Some of the veneration in which Marshall is held rests on a high estimation of his mental capacity. In the context of this inquiry, were his intellectual gifts such that none of should bother to compare ourselves to him or ever to aspire to his level of achievement? The question of Marshall’s intelligence seems to have been debated from very early. Marshall’s older brother advised their father not to send George to VMI, where his stupidity would embarrass the family! American general and mentor Fox Connor considered him “close to a genius,” while the brainy British Field Marshall Alan Brook was unimpressed by his intelligence, although his opinion of Marshall seems to have improved over time. We understand today that people have multiple intelligences. Marshall seems to have been especially strong in what is called executive function, bringing to bear the correct mental resources to suit a problem or situation. An example of this may be Marshall’s ability to think in time-streams, which might be described as the ability to see events in a historical perspective as they were happening. This fueled his ability as a strategist, and it enabled him to conceive the future, imaging the post-war world even as he was beset with the problems of fighting the war.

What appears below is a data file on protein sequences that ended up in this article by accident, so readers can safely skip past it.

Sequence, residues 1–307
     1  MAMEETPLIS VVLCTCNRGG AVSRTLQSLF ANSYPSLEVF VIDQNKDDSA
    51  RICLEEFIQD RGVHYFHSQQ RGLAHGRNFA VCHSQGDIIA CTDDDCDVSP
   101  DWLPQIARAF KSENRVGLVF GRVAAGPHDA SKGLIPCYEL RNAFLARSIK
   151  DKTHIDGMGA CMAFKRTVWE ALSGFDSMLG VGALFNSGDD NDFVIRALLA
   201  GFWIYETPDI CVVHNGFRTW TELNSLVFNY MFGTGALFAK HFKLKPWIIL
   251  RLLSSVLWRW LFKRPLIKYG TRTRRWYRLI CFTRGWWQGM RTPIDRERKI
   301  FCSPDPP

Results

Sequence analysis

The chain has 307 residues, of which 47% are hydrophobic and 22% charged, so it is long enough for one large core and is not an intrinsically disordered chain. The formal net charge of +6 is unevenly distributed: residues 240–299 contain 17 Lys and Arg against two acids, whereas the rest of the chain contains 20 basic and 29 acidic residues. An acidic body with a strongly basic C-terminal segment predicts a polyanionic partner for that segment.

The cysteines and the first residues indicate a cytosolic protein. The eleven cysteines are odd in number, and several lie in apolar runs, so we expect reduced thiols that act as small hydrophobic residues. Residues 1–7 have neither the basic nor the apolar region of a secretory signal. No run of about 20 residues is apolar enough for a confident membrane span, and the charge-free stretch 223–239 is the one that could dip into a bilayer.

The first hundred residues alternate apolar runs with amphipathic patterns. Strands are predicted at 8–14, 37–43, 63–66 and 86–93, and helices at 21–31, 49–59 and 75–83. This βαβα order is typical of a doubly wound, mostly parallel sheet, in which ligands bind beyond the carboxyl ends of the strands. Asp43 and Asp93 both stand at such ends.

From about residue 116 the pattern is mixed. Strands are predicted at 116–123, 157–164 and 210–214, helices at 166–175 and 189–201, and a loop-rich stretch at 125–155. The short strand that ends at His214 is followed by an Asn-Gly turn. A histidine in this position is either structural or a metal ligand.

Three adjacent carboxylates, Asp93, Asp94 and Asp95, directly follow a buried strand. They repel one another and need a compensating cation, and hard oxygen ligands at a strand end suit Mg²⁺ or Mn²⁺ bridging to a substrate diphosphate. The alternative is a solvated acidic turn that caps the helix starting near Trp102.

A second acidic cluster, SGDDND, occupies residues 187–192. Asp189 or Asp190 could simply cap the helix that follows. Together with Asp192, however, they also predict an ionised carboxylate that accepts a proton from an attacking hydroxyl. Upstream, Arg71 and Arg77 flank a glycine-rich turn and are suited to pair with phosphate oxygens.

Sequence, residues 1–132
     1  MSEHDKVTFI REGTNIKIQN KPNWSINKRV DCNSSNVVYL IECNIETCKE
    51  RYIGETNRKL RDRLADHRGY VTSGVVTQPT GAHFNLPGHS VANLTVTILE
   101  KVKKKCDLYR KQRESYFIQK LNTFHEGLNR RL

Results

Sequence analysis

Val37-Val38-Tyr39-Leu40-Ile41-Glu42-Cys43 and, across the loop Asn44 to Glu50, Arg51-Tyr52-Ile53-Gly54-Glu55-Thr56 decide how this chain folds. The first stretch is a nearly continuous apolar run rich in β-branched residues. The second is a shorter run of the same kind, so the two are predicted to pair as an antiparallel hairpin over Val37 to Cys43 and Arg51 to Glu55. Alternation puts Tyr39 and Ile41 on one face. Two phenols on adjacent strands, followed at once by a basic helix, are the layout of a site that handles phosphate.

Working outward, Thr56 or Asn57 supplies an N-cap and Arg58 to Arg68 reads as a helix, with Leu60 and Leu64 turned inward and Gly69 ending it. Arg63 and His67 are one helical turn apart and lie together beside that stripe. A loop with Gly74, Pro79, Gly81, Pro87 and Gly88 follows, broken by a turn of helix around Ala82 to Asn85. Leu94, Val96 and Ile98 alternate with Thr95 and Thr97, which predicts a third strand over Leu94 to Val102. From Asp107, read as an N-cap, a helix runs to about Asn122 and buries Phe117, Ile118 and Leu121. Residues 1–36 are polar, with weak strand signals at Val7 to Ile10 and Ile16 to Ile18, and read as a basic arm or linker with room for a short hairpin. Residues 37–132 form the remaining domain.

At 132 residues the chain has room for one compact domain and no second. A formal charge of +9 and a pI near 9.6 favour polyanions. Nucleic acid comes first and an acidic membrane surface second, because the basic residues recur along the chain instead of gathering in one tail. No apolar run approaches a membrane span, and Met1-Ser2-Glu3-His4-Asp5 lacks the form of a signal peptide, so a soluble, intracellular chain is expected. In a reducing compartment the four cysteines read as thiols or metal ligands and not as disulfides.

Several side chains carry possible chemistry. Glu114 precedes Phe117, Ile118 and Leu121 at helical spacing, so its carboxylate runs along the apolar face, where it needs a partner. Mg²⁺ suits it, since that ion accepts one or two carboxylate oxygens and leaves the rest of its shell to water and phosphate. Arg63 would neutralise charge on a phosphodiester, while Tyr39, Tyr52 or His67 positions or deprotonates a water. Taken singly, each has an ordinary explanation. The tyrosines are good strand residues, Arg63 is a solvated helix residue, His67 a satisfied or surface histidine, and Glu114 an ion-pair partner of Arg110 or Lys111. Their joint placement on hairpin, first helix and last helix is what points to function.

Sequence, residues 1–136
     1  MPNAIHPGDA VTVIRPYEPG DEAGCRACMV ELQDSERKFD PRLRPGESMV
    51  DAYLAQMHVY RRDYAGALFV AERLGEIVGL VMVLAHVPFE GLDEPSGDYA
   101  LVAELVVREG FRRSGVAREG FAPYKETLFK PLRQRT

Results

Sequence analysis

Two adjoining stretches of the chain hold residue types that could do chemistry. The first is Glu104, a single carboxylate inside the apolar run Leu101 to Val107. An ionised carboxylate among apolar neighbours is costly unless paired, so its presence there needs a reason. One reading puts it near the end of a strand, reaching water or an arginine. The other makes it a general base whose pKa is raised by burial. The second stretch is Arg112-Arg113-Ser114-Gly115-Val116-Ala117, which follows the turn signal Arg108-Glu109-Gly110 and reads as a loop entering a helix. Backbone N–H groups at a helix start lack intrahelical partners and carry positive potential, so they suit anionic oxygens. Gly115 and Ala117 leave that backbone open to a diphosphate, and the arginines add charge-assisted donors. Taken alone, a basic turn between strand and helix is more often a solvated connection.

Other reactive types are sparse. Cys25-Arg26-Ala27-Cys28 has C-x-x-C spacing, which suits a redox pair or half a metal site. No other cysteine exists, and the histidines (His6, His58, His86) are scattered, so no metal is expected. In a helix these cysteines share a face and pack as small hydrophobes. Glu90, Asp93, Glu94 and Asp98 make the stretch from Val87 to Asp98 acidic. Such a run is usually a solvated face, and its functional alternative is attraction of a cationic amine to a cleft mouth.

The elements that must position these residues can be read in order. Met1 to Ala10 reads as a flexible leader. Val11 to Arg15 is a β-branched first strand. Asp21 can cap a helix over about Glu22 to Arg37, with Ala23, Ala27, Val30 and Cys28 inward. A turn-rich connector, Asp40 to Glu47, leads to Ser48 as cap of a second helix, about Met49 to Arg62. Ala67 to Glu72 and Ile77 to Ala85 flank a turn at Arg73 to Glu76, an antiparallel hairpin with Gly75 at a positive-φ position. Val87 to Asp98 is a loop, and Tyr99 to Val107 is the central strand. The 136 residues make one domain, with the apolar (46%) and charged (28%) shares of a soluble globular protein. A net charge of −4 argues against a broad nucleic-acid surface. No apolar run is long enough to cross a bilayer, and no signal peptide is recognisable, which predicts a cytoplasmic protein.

Clearly, Marshall cultivated these abilities. Whatever his native or natural intelligence, his mental ability as an adult was highly developed and remarkable. His ability as Chief of Staff to give detailed briefings and answer long series of questions without notes left congressmen and journalists in awe. He had undoubtedly developed this ability at the Infantry School, where he showed the instructors how to conduct their classes without any written notes. Even so, for many of his admirers, it is not so much Marshall’s intellect as his character that made and that make him great. Marshall’s integrity seems to have been self-evident to almost all who came into contact with him. Both Congress and the President had absolute faith in the facts he presented, and little less in his judgment. Maybe most of all, they saw him as someone motivated by the truth and the national interest, rather than by personal self-aggrandizement or narrow concerns like that of service loyalty.
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